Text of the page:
A study on the mobility of nitrogen in agro-environmental context
A study on the mobility of nitrogen in agro-environmental context: determination of total nitrogen in Ferrara (Emilia Romagna, Italy) heterogeneous cultivated areas, designated as Nitrate Vulnerable Zone Under the Nitrate Directive (91/676/EEC).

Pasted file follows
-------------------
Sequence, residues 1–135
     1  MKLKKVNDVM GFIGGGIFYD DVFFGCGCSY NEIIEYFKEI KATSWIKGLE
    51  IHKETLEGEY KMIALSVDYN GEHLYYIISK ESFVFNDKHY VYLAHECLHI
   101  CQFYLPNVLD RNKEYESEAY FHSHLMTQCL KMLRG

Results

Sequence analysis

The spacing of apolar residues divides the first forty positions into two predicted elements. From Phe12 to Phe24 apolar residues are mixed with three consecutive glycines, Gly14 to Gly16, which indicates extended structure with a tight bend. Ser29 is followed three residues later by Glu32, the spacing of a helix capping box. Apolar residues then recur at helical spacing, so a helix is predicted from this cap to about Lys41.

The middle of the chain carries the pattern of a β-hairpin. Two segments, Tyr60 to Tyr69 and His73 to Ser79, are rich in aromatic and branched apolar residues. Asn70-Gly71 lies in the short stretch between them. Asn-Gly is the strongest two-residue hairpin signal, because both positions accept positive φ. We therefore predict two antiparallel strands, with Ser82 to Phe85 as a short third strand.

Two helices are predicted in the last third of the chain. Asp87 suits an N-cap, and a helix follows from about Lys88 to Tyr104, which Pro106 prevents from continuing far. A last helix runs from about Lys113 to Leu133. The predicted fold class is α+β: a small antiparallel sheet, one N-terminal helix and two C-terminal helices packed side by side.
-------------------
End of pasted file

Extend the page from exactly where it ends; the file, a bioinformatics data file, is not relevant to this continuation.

The study has been carried out in order to check total nitrogen content and organic carbon on agricultural soil samples collected within an area near Ferrara, in a nitrate vulnerable zone. Monitored soils have heterogeneous characteristics. Results show that in this context, the majority of the soils have a low content of nitrogen, that decreases with increasing depth, and so, is insufficient for crop needs in place. Only when the samples were taken from peat areas, naturally rich in nutrients, the founded amounts are medium to high. The heavy use of nitrogen fertilizer by farmers is therefore in line with the situation emerged from the study and an intervention is often 'forced' to get the yields required by the market, but this manner causes environmental problems, such as nitrate pollution of surface and underground water. The great mobility of nitrogen compounds supplied in the form of soil, can be attributed to the prolonged use of land which has probably damaged the structure of the soil and the ability to retain the nutrients so that these quickly reach water bodies nearby. Therefore, it was decided to conduct a study on a more specific situation: two sub-channels used for irrigation, near Budrio and Molinella, characterized by the presence of aquatic species Lemna minor have been monitored for eight months. On the two sites water samples have been collected monthly, analyzed and compared by the chemical point of view, in order to know how much the fertilization could influence the concentration of their nitrogen compounds. In combination with these investigations and following the same sampling rate, the presence of duckweed in channels was monitored. When plant sampling was possible, it was analyzed the percentage of total nitrogen content in tissues. This result has been correlated to concentrations of dissolved nitrogen found in water, in order to know any capacity absorption of nitrogen compounds by duckweed. It is complex to give a clear assessment on the data obtained, because the trends are highly variable and it has been impossible to collect data of the last half of the season, which closes the cycle. We can just say that, as on both channels the form of founded nitrogen of greatest concern is the ammonium ion, the presence of duckweed depends largely on water flow and that duckweed can absorb dissolved nitrogen compounds but not enough to affect its concentration significantly.